My boyfriend and I decided to adopt a pitbull from a local shelter. Pit Bulls are a highly discriminated breed and as a result, see lower adoption rates and higher euthanasia rates. We wanted to rescue a Pit Bull because we wanted to give it a life filled with adventure and socialization while understanding it would also be work. With any rescue, despite the breed, there might be behaviors that need to be unlearned.
We fell in love with Tucker immediately. The more comfortable he became in his new home, the more his amazing personality showed. Tucker's character wasn't the only thing blossoming. Physically he was growing bigger and stronger and with his size came the discovery of some more problematic behaviors.
Tucker is leash reactant, which for him means that he sometimes lunges at and jumps on nearby people. As you can imagine, Tucker's leash reactance and his size made for some scary situations. If the behavior continued, he could hurt someone or be taken away from me.
We needed to step up and help Tucker through intensive training, so we enrolled him in classes with other dogs, private sessions at indoor dog training gyms, and in-home private sessions. The training helped immensely in making him more manageable, and us more confident. However, there were still instances of behavioral relapses which we stressed about how to address.
My boyfriend introduced the idea of a muzzle, and I shot it down. Frankly, muzzles look freaky, and I didn’t want another reason for strangers to fear Tucker. Much of what escalates incidents with animals is the human reaction. Have you ever seen a dog with a muzzle? They don't inspire warm-fuzzy feelings. Dogs in a muzzles look dangerous (small dogs in muzzles look especially vicious) and uncomfortable. Personally, I couldn't get images of a caged-mouth, straight-jacketed Hannibal Lecter out of my head. Still, my primary goal was to find a solution so it wouldn't hurt to try it out. If nothing else, we could eliminate it as an option and move forward.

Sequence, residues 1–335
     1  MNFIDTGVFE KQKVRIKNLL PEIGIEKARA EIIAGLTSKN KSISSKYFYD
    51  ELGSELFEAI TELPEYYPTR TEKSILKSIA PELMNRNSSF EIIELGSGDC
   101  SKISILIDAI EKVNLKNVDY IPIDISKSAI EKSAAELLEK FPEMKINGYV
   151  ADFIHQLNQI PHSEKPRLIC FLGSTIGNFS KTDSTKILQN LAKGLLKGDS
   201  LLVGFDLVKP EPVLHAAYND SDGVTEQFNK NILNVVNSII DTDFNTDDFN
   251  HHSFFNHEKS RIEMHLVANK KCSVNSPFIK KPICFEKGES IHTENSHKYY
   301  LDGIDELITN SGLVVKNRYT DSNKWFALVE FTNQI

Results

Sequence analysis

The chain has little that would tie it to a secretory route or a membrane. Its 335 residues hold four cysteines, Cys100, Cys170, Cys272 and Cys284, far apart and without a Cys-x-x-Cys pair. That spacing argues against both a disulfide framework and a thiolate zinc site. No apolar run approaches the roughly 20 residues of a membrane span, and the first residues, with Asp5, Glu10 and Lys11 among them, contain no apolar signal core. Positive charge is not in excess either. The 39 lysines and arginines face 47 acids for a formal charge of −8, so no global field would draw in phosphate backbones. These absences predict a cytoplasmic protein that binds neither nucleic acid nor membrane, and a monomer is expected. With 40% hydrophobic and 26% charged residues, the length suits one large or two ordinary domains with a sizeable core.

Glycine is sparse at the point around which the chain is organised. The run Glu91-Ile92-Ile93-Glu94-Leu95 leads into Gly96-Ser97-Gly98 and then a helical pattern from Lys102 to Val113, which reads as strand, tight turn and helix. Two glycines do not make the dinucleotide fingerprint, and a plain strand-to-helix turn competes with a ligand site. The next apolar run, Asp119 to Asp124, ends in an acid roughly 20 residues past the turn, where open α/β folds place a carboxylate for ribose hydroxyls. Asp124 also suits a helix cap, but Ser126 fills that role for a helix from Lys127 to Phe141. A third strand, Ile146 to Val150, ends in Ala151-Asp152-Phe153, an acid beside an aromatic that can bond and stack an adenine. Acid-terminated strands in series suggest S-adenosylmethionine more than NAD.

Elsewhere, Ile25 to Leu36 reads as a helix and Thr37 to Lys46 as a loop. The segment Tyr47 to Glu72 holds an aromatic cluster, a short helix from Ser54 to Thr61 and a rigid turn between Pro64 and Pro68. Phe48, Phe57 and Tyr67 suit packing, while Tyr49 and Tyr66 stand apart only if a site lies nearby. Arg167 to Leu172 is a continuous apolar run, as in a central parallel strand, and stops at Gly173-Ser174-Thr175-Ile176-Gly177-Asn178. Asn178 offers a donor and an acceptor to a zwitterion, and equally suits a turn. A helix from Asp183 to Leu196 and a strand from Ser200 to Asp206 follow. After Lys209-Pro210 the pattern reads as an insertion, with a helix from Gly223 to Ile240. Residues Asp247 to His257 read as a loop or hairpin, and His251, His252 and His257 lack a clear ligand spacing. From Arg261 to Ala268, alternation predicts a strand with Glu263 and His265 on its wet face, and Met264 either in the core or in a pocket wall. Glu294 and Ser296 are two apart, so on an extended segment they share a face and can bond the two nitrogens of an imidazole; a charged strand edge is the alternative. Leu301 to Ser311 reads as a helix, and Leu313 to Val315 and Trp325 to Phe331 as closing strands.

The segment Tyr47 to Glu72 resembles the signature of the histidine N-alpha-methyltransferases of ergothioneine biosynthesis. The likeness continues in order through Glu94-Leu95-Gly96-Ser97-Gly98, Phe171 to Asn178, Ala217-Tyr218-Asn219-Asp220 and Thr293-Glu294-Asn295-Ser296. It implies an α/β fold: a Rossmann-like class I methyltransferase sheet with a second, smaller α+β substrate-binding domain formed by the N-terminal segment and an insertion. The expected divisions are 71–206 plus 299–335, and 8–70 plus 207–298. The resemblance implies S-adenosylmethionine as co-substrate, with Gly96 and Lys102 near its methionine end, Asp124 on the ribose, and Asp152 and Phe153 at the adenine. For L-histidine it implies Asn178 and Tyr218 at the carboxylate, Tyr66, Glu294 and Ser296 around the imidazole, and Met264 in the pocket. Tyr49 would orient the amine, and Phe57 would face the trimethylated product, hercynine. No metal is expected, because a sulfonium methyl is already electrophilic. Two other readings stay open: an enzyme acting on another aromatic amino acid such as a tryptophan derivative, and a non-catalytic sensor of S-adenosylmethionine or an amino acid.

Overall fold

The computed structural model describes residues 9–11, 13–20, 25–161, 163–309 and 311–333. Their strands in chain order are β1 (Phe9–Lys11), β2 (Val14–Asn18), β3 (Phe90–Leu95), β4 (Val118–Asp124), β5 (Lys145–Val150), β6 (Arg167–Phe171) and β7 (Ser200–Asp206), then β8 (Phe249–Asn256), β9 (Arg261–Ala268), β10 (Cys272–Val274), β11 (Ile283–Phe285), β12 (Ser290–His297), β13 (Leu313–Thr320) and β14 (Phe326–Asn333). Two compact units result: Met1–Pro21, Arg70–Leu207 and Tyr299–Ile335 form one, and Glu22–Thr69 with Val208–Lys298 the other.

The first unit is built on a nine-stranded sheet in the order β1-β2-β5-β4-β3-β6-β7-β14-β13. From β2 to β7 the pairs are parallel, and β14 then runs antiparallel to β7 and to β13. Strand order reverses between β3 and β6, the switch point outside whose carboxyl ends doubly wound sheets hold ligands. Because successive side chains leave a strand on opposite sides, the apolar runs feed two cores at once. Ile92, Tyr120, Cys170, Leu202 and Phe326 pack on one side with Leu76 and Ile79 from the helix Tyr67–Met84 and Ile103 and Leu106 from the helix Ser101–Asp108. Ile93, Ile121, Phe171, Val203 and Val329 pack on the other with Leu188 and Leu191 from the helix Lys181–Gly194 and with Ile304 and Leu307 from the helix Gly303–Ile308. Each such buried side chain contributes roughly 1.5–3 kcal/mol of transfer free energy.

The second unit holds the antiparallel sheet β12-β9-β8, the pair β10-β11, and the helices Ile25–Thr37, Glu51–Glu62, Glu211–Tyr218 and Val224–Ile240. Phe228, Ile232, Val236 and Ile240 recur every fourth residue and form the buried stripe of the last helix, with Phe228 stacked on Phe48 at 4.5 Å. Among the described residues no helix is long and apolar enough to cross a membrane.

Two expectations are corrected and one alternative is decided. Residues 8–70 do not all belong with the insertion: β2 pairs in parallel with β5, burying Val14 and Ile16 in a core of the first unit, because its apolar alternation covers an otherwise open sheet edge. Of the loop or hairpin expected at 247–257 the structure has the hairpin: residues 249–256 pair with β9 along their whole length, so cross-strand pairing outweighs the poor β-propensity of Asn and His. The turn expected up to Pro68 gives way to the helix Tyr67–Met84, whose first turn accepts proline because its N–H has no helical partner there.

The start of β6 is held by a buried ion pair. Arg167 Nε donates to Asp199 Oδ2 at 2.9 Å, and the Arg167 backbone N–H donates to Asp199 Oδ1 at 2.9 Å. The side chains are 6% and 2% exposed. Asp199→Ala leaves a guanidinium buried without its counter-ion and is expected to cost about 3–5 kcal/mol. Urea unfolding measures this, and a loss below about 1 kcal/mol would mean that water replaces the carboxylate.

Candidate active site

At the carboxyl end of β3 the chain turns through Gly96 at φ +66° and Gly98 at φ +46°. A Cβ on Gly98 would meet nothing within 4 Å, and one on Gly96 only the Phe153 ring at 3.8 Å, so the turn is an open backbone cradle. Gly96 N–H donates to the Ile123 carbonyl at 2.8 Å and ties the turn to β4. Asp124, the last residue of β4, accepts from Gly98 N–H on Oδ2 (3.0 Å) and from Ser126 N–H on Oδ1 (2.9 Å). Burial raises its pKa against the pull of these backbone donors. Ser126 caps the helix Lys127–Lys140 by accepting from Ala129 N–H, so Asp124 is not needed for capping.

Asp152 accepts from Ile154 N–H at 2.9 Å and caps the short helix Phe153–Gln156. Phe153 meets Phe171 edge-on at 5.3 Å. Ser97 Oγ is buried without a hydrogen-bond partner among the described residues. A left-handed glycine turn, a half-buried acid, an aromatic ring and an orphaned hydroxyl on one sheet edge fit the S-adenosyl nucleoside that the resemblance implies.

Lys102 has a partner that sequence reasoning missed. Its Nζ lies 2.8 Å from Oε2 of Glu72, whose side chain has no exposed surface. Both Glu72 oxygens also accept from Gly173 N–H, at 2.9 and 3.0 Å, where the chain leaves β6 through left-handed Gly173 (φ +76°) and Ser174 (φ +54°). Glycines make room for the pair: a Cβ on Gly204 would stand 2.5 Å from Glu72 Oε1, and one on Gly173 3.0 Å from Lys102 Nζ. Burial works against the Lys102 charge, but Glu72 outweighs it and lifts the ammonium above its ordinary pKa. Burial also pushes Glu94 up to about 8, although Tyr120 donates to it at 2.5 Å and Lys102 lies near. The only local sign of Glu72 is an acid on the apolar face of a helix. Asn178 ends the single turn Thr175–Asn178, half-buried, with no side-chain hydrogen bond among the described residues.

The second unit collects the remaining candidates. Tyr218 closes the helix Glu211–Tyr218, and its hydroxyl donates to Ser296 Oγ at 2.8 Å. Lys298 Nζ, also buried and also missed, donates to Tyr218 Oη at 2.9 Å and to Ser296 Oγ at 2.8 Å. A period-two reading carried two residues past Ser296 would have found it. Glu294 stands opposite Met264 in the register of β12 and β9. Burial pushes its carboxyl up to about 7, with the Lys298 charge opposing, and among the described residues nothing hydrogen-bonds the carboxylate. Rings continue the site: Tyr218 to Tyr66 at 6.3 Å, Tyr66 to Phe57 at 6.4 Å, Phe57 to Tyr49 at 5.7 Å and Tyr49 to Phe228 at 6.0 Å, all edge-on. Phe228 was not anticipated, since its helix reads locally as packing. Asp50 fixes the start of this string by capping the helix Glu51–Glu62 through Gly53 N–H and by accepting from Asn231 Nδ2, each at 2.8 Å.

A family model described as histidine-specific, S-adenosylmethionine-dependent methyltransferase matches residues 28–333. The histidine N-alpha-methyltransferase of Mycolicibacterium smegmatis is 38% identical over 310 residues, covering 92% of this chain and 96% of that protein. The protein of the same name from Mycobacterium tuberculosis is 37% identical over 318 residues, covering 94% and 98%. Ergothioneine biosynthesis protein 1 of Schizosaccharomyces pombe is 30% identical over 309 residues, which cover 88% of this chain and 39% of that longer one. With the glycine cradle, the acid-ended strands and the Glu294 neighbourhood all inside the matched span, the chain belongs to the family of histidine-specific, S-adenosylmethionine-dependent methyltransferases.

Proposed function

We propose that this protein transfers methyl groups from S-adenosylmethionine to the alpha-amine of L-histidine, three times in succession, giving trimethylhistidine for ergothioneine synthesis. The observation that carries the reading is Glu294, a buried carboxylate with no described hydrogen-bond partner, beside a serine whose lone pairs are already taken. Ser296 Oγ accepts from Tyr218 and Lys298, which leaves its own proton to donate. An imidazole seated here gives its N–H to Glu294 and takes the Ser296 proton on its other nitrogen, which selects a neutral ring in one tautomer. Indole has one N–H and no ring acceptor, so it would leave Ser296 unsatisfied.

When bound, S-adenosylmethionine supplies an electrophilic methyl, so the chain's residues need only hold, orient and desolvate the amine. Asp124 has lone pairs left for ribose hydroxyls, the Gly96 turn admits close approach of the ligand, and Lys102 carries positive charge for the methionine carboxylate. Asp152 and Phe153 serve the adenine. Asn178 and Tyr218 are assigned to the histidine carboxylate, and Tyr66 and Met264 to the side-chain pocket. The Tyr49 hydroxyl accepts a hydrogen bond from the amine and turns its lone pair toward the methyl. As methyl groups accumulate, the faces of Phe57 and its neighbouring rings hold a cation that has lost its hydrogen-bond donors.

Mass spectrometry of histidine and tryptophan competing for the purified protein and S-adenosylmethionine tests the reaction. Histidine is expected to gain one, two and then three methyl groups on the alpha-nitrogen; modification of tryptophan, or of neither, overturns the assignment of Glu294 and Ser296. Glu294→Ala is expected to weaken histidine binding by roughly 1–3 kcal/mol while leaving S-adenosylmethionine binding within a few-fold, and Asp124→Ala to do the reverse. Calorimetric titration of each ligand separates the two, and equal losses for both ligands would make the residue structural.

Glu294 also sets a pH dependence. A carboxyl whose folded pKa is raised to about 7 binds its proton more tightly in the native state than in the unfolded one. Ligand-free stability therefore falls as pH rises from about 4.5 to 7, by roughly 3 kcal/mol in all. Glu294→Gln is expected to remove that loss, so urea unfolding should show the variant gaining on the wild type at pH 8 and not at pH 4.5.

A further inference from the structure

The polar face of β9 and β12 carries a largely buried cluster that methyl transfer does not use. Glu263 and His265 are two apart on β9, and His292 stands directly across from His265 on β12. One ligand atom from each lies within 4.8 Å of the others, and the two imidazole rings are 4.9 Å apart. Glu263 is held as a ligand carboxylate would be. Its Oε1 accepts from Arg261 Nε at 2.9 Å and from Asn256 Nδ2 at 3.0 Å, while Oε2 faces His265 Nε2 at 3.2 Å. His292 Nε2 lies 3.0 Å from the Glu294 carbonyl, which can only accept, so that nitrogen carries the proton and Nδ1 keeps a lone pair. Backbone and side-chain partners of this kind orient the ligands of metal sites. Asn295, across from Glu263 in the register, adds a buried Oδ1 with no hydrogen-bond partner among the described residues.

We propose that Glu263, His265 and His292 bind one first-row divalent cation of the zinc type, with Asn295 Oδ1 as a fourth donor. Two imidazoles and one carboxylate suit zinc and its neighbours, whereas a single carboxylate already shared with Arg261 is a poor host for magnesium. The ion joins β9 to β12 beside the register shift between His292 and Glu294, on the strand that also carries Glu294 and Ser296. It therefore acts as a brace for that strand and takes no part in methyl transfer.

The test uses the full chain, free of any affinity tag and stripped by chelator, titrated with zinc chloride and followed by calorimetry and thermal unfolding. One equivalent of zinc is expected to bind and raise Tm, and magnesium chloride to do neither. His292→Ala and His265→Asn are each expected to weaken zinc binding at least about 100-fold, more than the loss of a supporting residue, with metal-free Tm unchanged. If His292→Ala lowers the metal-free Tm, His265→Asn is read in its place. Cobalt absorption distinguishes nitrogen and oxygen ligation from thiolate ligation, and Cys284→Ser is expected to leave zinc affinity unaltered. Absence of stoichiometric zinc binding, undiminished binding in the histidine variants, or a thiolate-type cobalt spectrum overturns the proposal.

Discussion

The muzzle exceeded my expectations. The muzzle didn't seem to bother Tucker at all. On walks, he virtually stopped lunging and barking at passerby. When an incident arose, I had more control over his reaction since the muzzle allowed the lead to be on his mouth and he was more inclined to respond than if the leash was pulling from his neck or chest. At the dog park, he could play safely without the constant worry over those “what if” moments.
My new opinion on Muzzles is that they're less a representation of "Silence of the Lambs" or a dangerous pooch than a sign of a proactive-responsible owner. If using a muzzle sounds like something you might be interested in, there are three main considerations.
First, identify the scenarios in which you believe a muzzle would benefit your dog. In Tucker’s case, it was primarily helpful when it came to walking him around the neighborhood or taking him to the dog park.
Second, pick the right type of muzzle. I use a rubber basket muzzle with Tucker because it's easy for him to drink water and eat yummy treats so he can wear it for long walks and play time. As a point of contrast, some softer muzzles wrap around the dog’s snout entirely, which limits their ability to open their mouths.
Lastly, be alert to your doggo's comfort. Dogs pant to cool themselves so pay attention to signs of exhaustion and overheating.
There are several resources online regarding tips on how to ensure your dog has a pleasant experience during muzzle training. If you have any questions, comments, concerns, or personal experiences you would like to share, please feel free to drop a comment. Let's chat; we're all friends here.